Thawing after weekend freeze setting off sprinkler systems
Posted January 10
Fayetteville, N.C. — Fayetteville firefighters have been busy the past couple of days – not because of fire, but because of ice. Sprinkler systems damaged by frozen pipes have kept them on the move.
Stewart's Creek Condominiums has one of more than two dozen buildings in Fayetteville that was damaged when frozen water pipes burst Monday and Tuesday. The damaged fire sprinkler system sent some of the ceiling and insulation in Condo 12 crashing to the floor.
Laneice Wilson, who lives next door, said she took precautions to keep her sprinkler system safe from the cold.
"The homeowners association does tell each unit to turn your heat on to at least 65 degrees to prevent the pipes from freezing," Wilson said.
The power was cut off to the vacant condo that was damaged, so there was no heat, authorities said.
An attic sprinkler system at The Kidney Center on Avon Street, near Cape Fear Valley Medical Center, also burst, and the main library in Hope Mills also suffered water damage when a thawing frozen pipe broke.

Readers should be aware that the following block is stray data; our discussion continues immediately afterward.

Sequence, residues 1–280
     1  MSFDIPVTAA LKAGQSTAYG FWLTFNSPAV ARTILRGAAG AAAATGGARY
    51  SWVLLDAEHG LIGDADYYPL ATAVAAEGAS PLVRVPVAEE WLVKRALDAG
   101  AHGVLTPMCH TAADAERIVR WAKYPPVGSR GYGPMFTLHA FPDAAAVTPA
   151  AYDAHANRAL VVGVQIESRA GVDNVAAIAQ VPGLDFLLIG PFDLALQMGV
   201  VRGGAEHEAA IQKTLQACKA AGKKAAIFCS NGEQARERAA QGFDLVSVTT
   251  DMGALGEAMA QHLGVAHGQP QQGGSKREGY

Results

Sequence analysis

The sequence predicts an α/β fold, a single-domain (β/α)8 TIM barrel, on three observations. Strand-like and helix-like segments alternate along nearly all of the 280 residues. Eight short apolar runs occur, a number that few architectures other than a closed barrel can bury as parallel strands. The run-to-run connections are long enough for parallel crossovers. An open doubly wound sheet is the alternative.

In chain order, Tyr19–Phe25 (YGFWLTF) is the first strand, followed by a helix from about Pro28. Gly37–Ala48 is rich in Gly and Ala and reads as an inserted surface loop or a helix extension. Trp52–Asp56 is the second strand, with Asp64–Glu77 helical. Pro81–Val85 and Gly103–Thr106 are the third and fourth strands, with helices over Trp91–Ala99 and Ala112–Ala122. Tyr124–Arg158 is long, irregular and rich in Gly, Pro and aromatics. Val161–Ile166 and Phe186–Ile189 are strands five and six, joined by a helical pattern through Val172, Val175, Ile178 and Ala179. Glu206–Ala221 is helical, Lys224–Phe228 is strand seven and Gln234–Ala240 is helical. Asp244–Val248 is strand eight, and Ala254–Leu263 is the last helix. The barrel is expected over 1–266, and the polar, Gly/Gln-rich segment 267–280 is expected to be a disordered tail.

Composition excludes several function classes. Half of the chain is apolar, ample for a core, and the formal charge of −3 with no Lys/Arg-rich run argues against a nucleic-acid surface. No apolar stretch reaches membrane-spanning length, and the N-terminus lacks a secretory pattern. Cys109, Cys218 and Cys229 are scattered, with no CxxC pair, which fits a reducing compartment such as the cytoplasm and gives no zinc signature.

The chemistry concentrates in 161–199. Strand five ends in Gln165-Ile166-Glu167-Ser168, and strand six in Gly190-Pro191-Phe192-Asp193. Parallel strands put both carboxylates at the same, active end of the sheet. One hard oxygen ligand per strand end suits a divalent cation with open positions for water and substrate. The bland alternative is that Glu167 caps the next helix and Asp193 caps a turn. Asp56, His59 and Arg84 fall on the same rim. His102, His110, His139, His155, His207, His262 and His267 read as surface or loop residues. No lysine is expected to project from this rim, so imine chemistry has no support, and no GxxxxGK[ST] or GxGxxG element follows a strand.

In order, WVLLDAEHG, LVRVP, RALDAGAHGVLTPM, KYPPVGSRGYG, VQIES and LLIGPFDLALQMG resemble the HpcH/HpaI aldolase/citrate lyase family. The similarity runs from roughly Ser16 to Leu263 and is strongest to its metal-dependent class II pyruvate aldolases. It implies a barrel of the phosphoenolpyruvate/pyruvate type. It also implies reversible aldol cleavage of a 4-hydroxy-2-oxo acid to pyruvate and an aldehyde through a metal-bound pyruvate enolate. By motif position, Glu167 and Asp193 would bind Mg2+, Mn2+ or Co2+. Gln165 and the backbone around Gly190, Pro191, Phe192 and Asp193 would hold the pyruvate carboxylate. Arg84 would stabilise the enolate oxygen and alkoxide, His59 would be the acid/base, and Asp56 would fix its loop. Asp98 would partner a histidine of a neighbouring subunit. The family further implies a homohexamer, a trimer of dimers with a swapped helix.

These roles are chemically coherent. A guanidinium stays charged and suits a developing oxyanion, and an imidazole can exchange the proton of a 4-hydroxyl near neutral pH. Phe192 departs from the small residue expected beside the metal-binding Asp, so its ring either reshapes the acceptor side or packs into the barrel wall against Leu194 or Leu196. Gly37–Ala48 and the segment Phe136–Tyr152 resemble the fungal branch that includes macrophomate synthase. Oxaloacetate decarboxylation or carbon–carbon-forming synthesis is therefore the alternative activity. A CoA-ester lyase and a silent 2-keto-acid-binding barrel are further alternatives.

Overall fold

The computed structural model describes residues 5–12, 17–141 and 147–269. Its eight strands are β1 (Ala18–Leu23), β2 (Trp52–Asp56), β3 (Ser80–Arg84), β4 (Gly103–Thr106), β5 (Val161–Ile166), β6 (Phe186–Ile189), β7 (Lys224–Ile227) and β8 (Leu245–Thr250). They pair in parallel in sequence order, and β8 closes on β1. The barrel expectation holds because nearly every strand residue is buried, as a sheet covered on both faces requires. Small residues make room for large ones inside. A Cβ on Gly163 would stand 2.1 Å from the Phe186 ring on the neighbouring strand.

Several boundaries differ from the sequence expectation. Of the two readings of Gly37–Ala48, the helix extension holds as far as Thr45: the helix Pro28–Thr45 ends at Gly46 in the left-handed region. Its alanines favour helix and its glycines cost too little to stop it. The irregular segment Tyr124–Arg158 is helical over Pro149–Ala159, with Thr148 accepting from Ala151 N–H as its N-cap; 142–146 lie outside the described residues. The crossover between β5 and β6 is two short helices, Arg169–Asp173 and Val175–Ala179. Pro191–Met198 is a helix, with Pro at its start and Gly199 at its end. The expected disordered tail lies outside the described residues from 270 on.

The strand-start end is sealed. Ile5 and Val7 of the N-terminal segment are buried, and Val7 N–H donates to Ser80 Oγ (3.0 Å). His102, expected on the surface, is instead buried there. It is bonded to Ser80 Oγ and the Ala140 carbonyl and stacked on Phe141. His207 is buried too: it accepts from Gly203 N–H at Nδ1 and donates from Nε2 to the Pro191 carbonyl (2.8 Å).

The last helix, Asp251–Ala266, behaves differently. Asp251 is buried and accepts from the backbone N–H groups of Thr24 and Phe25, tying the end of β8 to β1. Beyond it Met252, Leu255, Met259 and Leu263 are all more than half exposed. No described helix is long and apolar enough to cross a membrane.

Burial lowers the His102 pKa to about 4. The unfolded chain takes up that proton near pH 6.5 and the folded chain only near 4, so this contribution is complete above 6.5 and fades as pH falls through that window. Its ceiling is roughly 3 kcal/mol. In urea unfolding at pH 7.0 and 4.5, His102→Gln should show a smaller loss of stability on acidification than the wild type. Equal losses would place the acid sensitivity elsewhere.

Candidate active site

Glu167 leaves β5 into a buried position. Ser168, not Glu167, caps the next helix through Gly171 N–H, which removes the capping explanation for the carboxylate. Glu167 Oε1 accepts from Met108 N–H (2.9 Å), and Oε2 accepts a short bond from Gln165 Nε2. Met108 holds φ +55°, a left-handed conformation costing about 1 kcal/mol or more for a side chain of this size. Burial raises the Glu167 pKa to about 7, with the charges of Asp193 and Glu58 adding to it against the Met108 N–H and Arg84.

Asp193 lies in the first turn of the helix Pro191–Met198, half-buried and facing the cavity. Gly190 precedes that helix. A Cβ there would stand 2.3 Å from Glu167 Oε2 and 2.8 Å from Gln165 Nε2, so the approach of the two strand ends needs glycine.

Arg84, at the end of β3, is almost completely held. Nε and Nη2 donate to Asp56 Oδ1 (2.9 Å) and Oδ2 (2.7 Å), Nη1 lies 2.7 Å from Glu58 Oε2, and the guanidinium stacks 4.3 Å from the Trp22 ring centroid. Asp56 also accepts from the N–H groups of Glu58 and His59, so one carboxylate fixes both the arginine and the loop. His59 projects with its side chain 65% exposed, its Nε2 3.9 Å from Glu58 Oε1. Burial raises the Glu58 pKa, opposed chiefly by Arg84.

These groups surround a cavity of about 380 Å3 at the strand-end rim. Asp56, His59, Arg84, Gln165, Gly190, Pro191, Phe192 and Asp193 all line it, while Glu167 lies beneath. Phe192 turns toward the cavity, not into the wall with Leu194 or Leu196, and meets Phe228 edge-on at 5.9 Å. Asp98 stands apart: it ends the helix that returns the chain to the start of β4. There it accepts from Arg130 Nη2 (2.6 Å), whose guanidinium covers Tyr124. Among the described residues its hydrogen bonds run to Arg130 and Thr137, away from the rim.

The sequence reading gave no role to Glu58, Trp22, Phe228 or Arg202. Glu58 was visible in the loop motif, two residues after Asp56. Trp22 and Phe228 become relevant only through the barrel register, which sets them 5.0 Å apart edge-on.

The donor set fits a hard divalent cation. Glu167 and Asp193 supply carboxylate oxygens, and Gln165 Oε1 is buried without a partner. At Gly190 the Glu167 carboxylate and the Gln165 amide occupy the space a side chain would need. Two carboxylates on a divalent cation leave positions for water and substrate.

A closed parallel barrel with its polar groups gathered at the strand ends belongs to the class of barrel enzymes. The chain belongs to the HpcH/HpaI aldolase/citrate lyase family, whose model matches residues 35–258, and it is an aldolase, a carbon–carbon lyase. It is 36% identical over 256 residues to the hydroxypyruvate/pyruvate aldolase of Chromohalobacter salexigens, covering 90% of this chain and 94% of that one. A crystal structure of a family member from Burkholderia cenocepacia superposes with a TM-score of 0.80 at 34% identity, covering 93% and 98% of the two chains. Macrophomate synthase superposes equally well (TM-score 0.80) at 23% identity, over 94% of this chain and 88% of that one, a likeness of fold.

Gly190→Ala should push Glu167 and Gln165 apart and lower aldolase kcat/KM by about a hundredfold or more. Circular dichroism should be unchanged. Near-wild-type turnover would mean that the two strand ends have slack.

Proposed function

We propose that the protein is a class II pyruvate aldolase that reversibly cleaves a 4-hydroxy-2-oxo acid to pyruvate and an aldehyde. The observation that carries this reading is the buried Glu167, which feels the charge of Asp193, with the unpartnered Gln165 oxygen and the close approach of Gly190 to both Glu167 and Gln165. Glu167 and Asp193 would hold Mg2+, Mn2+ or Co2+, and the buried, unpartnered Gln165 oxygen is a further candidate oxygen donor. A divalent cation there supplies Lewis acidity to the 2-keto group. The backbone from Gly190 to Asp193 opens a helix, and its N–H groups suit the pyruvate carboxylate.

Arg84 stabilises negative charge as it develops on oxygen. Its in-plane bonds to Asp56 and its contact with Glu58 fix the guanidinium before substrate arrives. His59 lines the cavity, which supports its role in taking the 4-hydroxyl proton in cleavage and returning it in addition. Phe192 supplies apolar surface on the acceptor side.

"Typically, the pipes in the roof are the ones that burst, so that's the worst-case scenario," said Battalion Chief Michael Martin of the Fayetteville Fire Department. "It affects third, second, first floor unless we get there fast enough to remedy the situation."
Plumbing experts say one way to protect pipes in extreme cold is to let water flow through a faucet to keep it moving through the pipes.
"Well, that works for plumping systems, but (in) sprinkler systems, the water doesn't flow," Martin said. "It waits for the fire. So, the only time you get a water flow is the unwanted fire in the apartment building."
Buildings with sprinkler systems need to have heat at all times during cold weather, he said, and the insulation has to be inspected and kept up-to-date.
"Insulation that's put in place 10 years ago collapses, so the insulation factor isn't as great as new insulation today," he said.